Chance is an uncomfortable thing. So Curtis Johnson argues in Darwin's Dice: The Idea of Chance in the Thought of Charles Darwin, and he makes a compelling case. The central controversy, and the central innovation, in Darwin's work is not the theory of natural selection itself, according to Johnson, but Darwin's more basic, and more innovative, turn to randomness as a way to explain natural phenomena. This application of randomness was so controversial, Johnson argues, that Darwin tried to cover it up, replacing words like "accident" and "chance" with terms like "spontaneous variation" in later editions of his work. Nonetheless, the terminological shift was cosmetic: Randomness remained, and still remains, the disturbing center of Darwin's theories.
Johnson, a political theorist at Lewis & Clark College, explains that there are two basic kinds of chance in Darwin's thought. The first—most familiar and least disconcerting—is chance as probability. According to the theory of natural selection, individuals with advantageous adaptations are most likely to survive. A giraffe with a longer neck has a better shot of reaching those lofty leaves and living to munch another day; a polar bear blessed with a warmer coat has a higher probability of surviving a frigid winter than one with less hair. The long-necked giraffe may not always win—it may, for example, be pulverized by a meteor before it can pass on its long-necked genes. But over time, the odds will go its way. There is randomness here, but it is controlled and predictable: It works in accordance with a rule. Natural selection makes sense.
Darwin can be used to tell the rich that they amassed their wealth by being the fittest, perhaps, but he can also be used to point out to the rich that they really could just as easily have been someone else. The person you're stepping on—it's only the roll of a dice that that person isn't you.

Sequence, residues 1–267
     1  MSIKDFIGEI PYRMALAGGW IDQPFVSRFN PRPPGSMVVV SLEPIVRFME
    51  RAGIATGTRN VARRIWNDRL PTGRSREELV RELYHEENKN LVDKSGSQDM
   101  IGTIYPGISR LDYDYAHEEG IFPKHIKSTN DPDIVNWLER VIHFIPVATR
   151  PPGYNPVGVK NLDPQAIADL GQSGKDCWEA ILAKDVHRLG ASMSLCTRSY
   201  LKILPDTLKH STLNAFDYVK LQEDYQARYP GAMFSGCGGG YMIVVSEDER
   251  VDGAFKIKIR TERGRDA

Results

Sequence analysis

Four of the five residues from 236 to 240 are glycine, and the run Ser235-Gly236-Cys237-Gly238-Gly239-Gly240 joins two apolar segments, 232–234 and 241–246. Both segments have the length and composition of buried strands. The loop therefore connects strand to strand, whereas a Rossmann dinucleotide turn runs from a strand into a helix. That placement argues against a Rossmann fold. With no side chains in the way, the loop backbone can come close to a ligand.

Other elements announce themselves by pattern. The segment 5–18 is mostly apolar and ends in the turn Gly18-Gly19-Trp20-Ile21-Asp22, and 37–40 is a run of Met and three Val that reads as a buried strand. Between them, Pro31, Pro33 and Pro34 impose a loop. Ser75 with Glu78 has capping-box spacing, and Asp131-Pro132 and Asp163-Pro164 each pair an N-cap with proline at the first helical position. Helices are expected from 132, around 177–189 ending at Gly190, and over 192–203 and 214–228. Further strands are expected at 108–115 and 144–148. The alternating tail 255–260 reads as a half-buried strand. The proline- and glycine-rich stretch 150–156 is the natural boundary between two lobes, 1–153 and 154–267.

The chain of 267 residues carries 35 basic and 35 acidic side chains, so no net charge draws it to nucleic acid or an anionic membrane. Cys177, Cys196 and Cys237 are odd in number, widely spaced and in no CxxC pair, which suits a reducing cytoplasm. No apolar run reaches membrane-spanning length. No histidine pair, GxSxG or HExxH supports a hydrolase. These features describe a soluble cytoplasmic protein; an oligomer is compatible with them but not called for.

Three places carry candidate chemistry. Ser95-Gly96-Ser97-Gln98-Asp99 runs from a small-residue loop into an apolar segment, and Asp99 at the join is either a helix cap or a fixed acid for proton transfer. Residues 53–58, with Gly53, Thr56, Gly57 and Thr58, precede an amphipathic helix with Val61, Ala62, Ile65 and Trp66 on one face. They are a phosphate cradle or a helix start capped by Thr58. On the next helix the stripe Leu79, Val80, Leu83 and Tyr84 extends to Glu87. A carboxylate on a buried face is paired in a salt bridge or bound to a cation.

The second kind of chance in Darwin's work, though, is more mysterious. For natural selection to work, you need to have a range of traits to select among. That range is provided by individual variation, the fact that two different animals (whether giraffe or bear) are different from each other. Some giraffes have longer necks than others. Some bears have thicker fur than others. Why should this be? Darwin's answer was chance.
Sometimes, Johnson writes, Darwin would argue that "chance" stood in for unknown laws—consistent rules which were not yet known, but which, when discovered, would explain exactly why individuals, both within and across species, were different. But "in his more private and less guarded moments," Johnson explains, Darwin suggested that "the cause of at least some variations is unknowable, even in principle." And, in fact, as Johnson suggests, this second interpretation—that the cause of variation is unknowable—has only become more persuasive over time. "The mechanisms of variation are better understood than ever," Johnson writes, "but the ability to predict what variations will occur and what will not is not much better off than when Darwin wrote." As biologist and feminist theorist Julia Serano argues in her recent book Excluded, we can't currently predict whether someone will be homosexual or heterosexual, cis or trans, based on their genetic code, and there's no reason to think we ever will be able to do so.
Thinkers in Darwin's day had largely made their peace with Newton, and were therefore able to see God's hand behind the operation of natural laws. But for Darwin, variation did not conform to laws. Instead, God appeared to be playing dice with creation—and as Einstein would later suggest, a dice-playing God begins to look like not a God at all. For Darwin, in particular, the fact that variations were as likely to be negative as positive created serious problems for his faith. As Johnson writes: